Tips & Strategies
Do's and Don'ts for a Site Visit
There's no second chance to make a good first impression, as the saying goes. That's why it's important that when you schedule a site visit with a candidate, you do it right—right from the start. Here are a few helpful "do's" and "don'ts" for scheduling and hosting a successful site visit.
DO customize the candidate's visit.
"Tailor the site visit to the physician," says Mindy Roeder, Director of Physician Recruitment at Schneck Medical Center, an independent 100-bed hospital located in rural Seymour, IN. Once you've found a candidate who's qualified and you've then had a detailed phone interview with the physician, try to schedule the site visit during a time when the applicant will see the facility or the specific department at its peak time. If you're hiring a surgeon, for example, aim to schedule the candidate's visit during a weekday when the OR and clinic are in full swing.
Also, try to find out about the physician's interests, Ms. Roeder says. Do some research on Google, LinkedIn, Instagram, and Facebook. Supplement your research with PracticeMatch Pinpoint Profiles, which offers candidate preferences collected from physician phone interviews. If you know in advance whether the physician wants to work with high-tech equipment or prefers longer patient visits, or whether he or she has toddlers or has teens, or is into running or into fishing, you'll be able to better personalize their visit. This always makes a good impression, Ms. Roeder says.
DON'T leave out the spouse.
Have you heard the saying "Happy wife, happy life"? Actually, both spouses must be happy with the decision to relocate, Ms. Roeder says. That's why she insists that the candidate's spouse or partner must attend the site visit to ensure that the couple makes an informed, mutual decision.
"I have never recruited a physician that did not bring their spouse. Any time a physician came for a site visit and did not bring their spouse, we've never sealed the deal. Now, I tell them: If you can't bring your spouse, then you'll have to find a better time to visit when your spouse can join us."
DO be honest and open about your site.
If you try to "sell" your site as a place that has all things for all people, you may wind up selling nothing at all. Rather, be straightforward about the facility and the location, and turn its distinctive characteristics into its most appealing features.
Ms. Roeder doesn't downplay her facility's small town setting or try to describe it as a mini metropolis. Rather, she emphasizes the close-knit, family-oriented character of both the community and hospital. "This is the place you move to because you are looking for the comforts of a small town," she says.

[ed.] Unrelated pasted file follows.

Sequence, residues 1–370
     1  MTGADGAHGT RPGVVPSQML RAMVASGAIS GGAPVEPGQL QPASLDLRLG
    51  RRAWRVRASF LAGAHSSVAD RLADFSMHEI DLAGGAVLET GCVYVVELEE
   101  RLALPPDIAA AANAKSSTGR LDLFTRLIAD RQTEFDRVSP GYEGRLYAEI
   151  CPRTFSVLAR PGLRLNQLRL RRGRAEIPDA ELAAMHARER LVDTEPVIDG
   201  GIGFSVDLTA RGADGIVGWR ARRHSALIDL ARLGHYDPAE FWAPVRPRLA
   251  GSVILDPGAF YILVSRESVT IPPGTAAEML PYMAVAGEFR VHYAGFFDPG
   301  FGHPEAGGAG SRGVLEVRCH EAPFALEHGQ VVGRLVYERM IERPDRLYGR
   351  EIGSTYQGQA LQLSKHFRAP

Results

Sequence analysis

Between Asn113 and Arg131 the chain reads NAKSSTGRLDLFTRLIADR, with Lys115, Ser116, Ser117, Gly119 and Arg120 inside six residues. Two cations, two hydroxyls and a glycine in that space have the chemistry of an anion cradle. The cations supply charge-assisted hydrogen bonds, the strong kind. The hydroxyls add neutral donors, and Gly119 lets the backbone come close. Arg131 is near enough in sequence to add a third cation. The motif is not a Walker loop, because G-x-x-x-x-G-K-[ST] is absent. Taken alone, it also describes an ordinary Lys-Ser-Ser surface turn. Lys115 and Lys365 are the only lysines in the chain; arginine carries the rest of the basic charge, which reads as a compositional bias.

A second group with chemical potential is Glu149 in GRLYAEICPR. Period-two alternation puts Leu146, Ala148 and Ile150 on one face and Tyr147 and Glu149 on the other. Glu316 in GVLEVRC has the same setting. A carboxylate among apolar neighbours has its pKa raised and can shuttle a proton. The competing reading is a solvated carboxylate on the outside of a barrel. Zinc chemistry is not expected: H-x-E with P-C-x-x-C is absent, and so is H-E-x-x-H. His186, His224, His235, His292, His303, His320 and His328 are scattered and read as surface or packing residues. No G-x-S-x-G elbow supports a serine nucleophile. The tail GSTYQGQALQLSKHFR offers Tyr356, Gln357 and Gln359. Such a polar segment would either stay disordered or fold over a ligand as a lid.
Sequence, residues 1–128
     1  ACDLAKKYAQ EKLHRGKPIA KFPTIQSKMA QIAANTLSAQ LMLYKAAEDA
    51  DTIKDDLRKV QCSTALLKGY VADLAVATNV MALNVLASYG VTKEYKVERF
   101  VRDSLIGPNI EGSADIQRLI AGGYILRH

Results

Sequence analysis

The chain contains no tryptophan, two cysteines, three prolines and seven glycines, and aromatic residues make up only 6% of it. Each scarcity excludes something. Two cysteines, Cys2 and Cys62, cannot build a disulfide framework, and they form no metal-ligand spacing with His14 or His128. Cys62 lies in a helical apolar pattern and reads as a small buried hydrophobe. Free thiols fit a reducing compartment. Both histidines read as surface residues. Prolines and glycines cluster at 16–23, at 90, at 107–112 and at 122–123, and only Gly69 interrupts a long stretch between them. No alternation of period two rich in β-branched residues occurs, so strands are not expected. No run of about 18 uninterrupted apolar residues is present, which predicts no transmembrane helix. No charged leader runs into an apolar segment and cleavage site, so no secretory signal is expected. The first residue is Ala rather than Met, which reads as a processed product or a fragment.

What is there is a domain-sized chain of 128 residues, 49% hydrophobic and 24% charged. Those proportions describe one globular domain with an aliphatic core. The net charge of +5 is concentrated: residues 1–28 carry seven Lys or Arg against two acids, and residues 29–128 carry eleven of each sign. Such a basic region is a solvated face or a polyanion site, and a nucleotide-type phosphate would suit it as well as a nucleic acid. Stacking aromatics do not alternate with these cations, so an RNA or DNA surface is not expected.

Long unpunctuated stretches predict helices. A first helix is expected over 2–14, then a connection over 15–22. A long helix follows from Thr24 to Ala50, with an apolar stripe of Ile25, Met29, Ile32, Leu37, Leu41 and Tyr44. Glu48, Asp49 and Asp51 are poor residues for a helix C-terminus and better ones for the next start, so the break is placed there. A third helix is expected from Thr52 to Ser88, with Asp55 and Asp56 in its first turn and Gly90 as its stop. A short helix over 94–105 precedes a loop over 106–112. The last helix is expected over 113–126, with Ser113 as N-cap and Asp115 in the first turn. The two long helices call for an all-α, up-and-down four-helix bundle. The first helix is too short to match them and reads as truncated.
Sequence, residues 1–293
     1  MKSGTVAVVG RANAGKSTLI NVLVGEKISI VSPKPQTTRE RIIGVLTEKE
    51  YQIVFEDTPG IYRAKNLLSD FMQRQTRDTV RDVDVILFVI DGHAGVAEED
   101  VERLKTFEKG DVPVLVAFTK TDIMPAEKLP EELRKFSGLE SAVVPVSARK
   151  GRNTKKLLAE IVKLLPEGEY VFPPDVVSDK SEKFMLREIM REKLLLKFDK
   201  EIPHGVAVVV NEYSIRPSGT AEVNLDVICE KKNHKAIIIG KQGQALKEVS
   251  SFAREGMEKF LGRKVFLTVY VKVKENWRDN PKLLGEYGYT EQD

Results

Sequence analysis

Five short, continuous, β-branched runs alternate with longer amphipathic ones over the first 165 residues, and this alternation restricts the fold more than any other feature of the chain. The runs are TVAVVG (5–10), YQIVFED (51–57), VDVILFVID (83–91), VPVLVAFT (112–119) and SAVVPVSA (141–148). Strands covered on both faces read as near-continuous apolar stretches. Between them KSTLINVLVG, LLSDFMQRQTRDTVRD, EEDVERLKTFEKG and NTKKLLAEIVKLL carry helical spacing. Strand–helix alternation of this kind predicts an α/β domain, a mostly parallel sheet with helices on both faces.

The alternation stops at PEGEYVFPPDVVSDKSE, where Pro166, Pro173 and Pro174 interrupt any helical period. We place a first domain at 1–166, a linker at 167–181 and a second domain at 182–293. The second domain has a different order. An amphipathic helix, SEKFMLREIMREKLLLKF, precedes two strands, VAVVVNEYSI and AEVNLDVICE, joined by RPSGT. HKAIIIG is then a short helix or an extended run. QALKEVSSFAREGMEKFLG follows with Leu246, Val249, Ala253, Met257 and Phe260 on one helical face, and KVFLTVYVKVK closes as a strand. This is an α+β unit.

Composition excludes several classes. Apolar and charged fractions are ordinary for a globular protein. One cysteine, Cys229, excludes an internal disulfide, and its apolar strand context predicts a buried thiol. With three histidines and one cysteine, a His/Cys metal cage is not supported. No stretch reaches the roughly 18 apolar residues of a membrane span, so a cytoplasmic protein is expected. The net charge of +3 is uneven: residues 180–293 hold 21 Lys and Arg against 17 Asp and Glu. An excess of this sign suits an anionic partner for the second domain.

DO involve physicians and staff in the visit.
A formal, sit-down interview with a hospital administrator doesn't have to be the most crucial part of process. "We focus on getting to know the physician and their family throughout the course of the visit," Ms. Roeder says. At Schneck, the greater part of the day involves an in-depth tour of the entire hospital, including a mini-tour of each department led by the department heads. Ms. Roeder provides the candidate's CV and background information to the department heads beforehand so that they can have a meaningful conversation with the candidate when they meet for the first time.
While an in-depth, personal tour of the facility is essential, Ms. Roeder explains that the highlight of her site visits doesn't even take place at the facility. The featured event is a casual dinner party that includes spouses and children, such as a backyard barbecue held at the house of one of the physicians. This informal evening allows the candidate and the physicians to "let their guard down." It gives the physicians the opportunity to really get to know the candidate and gauge whether he or she will be a good fit with the rest of the staff. "Our approach is to let our physicians recruit our physicians," Ms. Roeder says.
DON'T end the visit with a contract.
"We never offer a physician a written contract at the end of the visit with a tight deadline to sign it. Some hospitals think this is a must," Ms. Roeder says.
Both parties—the candidate and the recruiting facility—need time to gather additional information and think over the decision. "We want it to be the right decision for everyone, not one made under pressure. Our goal is to recruit physicians who want to have a life-long career with us," Ms. Roeder says.
While the physician is taking time to make that decision, Ms. Roeder is getting feedback from the hospital's physicians about their thoughts on the physician candidate, as well as checking the candidate's references. "If all parties agree and the references check out, then we will extend a written contract to the candidate," she says.
In short, if you can tailor the site visit to the candidate and have the candidate meet all the people they'll be working with, everyone will go home happy.